Why? You.

With only three letters, the word why has launched some of the greatest discoveries of our time. It’s thrown us into deep emotional exploration, and it’s pushed the boundaries of our lives as we know it.

Have you ever stopped to ask yourself this simple question: Why am I doing what I’m doing?

Why did I study English? Why did I learn French? Why am I a teacher? Why am I in grad school? Who do I care? Why do I work hard? Why do I get up in the morning?

I’ve never wanted to live life aimlessly or without direction. I’ve never wanted to look at my life and not know what I’m doing, or worse, not know who I am. That’s why I journal, blog, and share my heart with others — I want to know myself, and I want to be known by others.

Plus, I want the same for you.

I want you to be proud of all you’ve become and have hope for all you have yet to do. I want you to take charge of the direction of your life, so that you can make a ripple that is felt throughout the world.

I hope you find a question for your life, a purpose worth chasing after and never letting go. I don’t know what your question will be or when you’ll find it, but I know “what will make it a beautiful question for you, and one worth staying with, is the passion you feel for it” (Berger, 2016, p. 212). I hope your question drives you to live every moment fully and to find that, when all is said and done, you have no regrets.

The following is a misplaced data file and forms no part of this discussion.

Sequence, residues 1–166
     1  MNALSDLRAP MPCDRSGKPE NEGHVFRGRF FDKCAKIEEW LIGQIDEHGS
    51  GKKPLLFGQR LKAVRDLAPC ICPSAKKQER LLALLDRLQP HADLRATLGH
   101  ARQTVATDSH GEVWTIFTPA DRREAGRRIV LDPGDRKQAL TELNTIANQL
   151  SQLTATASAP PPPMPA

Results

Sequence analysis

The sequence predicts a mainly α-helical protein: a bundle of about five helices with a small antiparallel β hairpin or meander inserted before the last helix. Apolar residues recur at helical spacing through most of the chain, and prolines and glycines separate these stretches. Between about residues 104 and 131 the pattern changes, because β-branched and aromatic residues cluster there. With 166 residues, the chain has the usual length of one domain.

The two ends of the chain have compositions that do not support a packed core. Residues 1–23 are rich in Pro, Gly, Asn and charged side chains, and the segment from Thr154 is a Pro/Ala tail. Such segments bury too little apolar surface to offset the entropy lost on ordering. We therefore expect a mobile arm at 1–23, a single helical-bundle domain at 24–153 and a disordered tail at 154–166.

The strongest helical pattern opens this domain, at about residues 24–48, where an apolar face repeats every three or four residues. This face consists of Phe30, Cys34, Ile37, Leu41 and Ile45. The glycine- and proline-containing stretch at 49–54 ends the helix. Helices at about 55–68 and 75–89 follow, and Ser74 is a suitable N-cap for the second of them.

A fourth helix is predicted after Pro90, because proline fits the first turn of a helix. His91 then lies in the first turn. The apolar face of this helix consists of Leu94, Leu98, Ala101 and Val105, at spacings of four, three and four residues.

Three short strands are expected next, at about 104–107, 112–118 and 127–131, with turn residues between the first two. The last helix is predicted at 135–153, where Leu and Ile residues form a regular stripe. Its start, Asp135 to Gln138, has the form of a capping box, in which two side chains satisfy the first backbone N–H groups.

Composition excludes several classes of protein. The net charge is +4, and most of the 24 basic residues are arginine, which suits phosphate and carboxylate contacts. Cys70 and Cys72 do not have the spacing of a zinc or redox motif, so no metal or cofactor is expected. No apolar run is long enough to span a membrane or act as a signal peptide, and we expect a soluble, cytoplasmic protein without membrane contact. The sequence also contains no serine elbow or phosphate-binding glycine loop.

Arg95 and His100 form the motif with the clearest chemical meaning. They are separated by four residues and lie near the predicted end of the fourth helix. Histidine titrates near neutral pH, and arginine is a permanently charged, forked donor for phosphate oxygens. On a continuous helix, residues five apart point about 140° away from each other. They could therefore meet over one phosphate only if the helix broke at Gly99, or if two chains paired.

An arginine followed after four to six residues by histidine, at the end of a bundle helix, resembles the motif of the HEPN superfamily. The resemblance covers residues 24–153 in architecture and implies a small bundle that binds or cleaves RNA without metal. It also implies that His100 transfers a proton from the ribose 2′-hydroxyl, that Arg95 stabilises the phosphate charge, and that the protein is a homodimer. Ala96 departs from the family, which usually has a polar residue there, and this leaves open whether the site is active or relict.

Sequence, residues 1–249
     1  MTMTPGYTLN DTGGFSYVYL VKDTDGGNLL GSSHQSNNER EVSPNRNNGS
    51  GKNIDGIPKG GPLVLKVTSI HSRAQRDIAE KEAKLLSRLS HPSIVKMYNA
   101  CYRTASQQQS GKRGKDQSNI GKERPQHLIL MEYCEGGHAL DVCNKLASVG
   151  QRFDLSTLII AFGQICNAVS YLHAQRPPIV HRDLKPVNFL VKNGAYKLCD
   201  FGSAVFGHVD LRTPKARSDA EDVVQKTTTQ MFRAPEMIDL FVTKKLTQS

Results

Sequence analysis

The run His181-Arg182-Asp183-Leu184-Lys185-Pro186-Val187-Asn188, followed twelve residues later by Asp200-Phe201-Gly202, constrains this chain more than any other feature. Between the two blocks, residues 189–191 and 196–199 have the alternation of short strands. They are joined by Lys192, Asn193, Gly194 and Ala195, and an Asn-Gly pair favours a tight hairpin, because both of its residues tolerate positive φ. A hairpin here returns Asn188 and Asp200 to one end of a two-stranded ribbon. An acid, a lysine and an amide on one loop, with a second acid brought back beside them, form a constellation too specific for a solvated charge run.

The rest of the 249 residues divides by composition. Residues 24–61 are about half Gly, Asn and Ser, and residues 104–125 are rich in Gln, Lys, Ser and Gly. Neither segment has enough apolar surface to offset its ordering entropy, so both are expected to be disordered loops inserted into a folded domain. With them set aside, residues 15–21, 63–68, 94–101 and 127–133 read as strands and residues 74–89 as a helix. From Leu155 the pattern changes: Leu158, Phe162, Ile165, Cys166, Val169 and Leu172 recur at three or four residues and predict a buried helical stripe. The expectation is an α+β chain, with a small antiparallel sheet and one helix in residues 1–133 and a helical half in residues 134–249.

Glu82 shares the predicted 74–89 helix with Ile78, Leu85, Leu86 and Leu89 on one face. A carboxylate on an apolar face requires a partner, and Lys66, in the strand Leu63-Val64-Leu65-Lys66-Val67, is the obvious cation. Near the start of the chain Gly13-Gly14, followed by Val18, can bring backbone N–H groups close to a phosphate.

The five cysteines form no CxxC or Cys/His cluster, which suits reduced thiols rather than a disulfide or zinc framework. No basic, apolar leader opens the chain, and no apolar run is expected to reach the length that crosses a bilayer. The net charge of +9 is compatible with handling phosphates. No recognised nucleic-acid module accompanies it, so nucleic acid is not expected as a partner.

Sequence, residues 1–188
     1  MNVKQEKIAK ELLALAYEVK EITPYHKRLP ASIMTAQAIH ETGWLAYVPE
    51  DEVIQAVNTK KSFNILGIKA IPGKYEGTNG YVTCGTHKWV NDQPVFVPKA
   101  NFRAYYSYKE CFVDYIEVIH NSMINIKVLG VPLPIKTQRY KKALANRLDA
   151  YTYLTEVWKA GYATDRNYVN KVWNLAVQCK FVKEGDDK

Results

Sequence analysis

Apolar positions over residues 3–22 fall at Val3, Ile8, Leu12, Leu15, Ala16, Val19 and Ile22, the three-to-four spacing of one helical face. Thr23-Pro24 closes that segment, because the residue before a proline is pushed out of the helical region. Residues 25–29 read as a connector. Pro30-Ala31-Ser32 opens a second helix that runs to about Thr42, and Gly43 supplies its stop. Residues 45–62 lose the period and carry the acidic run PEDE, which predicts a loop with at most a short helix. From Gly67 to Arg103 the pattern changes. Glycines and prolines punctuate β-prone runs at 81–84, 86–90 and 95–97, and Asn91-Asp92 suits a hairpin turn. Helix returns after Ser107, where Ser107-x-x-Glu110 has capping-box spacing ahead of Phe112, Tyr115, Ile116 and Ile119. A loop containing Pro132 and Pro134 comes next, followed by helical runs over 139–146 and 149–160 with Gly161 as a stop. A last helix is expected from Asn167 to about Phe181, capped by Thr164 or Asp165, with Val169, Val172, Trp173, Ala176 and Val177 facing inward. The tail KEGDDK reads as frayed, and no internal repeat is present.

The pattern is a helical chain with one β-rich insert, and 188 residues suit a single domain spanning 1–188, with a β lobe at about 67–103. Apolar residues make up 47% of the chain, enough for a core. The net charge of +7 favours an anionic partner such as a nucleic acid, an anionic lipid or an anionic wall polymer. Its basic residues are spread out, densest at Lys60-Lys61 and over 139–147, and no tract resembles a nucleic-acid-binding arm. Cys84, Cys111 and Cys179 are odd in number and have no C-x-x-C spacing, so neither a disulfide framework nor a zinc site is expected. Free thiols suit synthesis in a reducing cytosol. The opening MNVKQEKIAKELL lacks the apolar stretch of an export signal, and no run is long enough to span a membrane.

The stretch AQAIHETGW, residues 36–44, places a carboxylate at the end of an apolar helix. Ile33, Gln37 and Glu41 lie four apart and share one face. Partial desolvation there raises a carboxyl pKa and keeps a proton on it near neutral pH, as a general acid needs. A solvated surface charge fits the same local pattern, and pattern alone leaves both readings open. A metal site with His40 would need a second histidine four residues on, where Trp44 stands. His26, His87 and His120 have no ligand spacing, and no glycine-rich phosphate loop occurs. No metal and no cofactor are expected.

In my life, I think I’ve already found many questions. In my future, I think I’ll find many more. Still, I think there’s one question that’s been with me since day one and will stay with me always: Why am I doing what I’m doing?

What’s my answer to this question? Well, it changes as I change, it moves where I move, and it goes where I go. It’s simple, yet so dynamic. It’s the same, yet always different.

What’s the answer?

The answer is always you. All of you.